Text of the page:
Why it can be a matter of ‘damned if you do, damned if you don’t.’ Whether you are an in-house lawyer, in private practice or in public service, Ontario lawyers are required by the Law Society of Upper Canada’s Rules of Professional Conduct to not disclose confidential client information to third parties.
Whether you are an in-house lawyer, in private practice or in public service, Ontario lawyers are required by the Law Society of Upper Canada’s Rules of Professional Conduct to not disclose confidential client information to third parties. Often, this confidential or privileged information — including clients’ names, memos, clients’ instructions, drafts of works in progress, telephone numbers, addresses, email addresses, etc. — is stored in lawyers’ laptops, smartphones or tablets.
The Wall Street Journal has reported that travellers from 38 countries who want to enter the United States could be forced to reveal mobile phone contacts, social media passwords and financial data under “extreme vetting” practices being considered by the Trump administration — including lawyers.
The United States Department of Homeland Security has had a written policy on Border Searches of Electronic Devices since 2009 that obviously protects only U.S. citizens including U.S. attorneys. Any other foreign lawyer can have their laptop, tablet or smartphone searched, seized and copied by U.S. Customs and Border Protection officers. In fact, a lawyer’s entire hard drive can be downloaded and copied by U.S. border security and there is no way of knowing what is done with the copy of the hard drive.
The Canada Border Services Agency has no such similar written policy. At the Canadian Bar Association’s annual general meeting Aug. 17-18, 2013, the CBA passed Resolution 13-06-A Solicitor-Client Privilege Claims at the Canadian Border, which called for the following steps: a) urging the Minister of Public Safety and the president of the CBSA to adopt a policy to recognize claims of solicitor-client privilege over documents and electronic documents; b) establish a working group (with representatives from interested CBA sections, conferences and committees, as well as the Department of Justice) to develop an approach to preserving solicitor-client privilege in the context of examinations by the Canada Border Services Agency; c) to work with the Minister of Justice, the Minister of Public Safety and the president of the CBSA to develop a balanced process to permit claims (without negative ramifications) of solicitor-client privilege over documents and electronic documents and appearances forthwith before a judge or master to determine the extent of the permissible examination; and d) ensuring the policy would require that any document obtained or copied by the CBSA on an examination order would be destroyed immediately if it is not relevant to the determination as to whether the person has inadmissible goods.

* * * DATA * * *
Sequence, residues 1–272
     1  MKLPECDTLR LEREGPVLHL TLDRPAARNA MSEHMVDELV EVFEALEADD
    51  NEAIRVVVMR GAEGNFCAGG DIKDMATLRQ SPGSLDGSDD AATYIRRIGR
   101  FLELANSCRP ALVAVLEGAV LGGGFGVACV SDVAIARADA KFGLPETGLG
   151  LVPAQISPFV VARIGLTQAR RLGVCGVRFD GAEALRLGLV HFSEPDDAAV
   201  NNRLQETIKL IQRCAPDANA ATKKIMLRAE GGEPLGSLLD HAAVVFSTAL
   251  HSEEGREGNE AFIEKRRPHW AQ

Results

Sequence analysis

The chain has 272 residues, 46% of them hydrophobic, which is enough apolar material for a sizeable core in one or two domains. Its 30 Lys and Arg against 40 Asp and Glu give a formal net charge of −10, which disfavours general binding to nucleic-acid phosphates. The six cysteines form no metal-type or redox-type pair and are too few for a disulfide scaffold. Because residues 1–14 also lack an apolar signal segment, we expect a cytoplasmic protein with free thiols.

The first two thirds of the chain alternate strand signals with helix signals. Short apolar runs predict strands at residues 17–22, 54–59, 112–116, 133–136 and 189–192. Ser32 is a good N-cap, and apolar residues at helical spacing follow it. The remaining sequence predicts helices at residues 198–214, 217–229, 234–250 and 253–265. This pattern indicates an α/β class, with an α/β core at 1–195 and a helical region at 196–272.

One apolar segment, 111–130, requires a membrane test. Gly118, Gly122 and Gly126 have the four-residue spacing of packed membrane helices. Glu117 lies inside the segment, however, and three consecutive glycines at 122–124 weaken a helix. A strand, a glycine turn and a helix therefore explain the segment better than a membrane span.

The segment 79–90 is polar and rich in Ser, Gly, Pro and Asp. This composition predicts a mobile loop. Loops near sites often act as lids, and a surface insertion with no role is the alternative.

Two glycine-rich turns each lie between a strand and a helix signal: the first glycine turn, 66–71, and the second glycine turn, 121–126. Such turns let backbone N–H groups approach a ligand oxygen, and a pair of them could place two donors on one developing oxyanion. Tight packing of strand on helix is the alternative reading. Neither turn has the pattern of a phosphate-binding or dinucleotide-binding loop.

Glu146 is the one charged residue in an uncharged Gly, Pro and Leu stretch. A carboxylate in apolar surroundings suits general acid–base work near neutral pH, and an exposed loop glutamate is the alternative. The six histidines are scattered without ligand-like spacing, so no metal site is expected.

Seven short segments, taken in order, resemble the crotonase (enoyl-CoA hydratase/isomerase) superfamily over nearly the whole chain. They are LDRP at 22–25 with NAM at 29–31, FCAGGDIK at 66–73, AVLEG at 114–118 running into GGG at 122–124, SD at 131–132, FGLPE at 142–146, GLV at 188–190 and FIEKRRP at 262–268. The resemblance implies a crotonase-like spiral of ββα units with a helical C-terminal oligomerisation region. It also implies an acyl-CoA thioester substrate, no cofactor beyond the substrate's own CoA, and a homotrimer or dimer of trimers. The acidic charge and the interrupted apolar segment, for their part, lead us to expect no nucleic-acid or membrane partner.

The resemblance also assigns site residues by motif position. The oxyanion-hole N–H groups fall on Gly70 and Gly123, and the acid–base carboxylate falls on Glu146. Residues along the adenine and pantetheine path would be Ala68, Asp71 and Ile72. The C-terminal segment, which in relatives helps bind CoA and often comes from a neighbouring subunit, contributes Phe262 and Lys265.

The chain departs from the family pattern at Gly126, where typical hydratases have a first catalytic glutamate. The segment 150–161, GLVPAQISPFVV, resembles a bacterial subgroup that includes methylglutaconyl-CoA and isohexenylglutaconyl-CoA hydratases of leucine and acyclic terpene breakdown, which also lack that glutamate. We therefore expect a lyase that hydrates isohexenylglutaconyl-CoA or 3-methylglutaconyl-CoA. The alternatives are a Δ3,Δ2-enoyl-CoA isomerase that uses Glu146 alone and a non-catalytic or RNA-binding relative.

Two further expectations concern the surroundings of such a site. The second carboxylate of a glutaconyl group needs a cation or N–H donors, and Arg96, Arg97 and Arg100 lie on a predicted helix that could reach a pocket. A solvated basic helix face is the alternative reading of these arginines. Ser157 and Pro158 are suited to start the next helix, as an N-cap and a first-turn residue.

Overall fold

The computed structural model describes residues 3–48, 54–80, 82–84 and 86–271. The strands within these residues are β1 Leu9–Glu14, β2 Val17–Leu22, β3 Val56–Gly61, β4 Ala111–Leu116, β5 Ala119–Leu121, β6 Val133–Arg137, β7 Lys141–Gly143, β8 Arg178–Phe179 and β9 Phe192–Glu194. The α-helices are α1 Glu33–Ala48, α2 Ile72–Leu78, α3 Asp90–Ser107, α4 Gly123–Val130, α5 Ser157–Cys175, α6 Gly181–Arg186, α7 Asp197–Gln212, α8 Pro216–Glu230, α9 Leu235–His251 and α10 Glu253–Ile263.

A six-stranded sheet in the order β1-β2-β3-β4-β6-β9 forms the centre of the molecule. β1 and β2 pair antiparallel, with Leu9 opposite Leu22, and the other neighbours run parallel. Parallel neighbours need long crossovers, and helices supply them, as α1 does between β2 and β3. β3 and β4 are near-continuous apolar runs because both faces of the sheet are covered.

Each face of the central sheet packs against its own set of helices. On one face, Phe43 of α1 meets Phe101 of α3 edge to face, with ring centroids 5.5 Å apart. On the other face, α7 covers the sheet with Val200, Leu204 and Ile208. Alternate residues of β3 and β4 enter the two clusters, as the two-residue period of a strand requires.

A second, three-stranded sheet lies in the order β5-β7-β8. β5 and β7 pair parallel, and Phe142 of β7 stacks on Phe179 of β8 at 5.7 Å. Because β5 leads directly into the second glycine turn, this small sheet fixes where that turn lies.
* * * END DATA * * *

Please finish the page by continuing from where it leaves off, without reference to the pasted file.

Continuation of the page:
Since the CBA’s June 19, 2014 letter to the Minister of Justice and the Minister of Public Safety and Emergency Preparedness to seek support in establishing a working group to develop a policy for border searches of lawyers’ laptops and other electronic devices, there have been no further developments on this matter.
Borders are odd places: Things are different there and the rules are certainly different there. Lawyers don’t usually get bothered at the border, unless, of course, they are doing something suspicious or illegal. The last thing a lawyer wants is to be charged with obstruction of an officer in performing their duties. You always want to remain calm and answer all questions asked in a reasonable and logical manner.
A lawyer can always get a letter from their client that details what they are going to do in the U.S. to clarify their position. This helps to strike the balance between disclosing any privileged information and clearing the border by answering the relevant questions. Plainly enough, a lawyer can always say, “I changed my mind. I no longer want to enter the United States” and walk away.
However, as we all know, lawyers like to manage their calendars weeks if not months in advance, and walking away from the U.S. border is not usually an option. A good start is to have your firm or company adopt a travel policy that considers the limitations at the border relating to the protection of client information.
Harpreet K. Sidhu is general counsel, corporate secretary and privacy officer at Pethealth Inc., A Fairfax Company.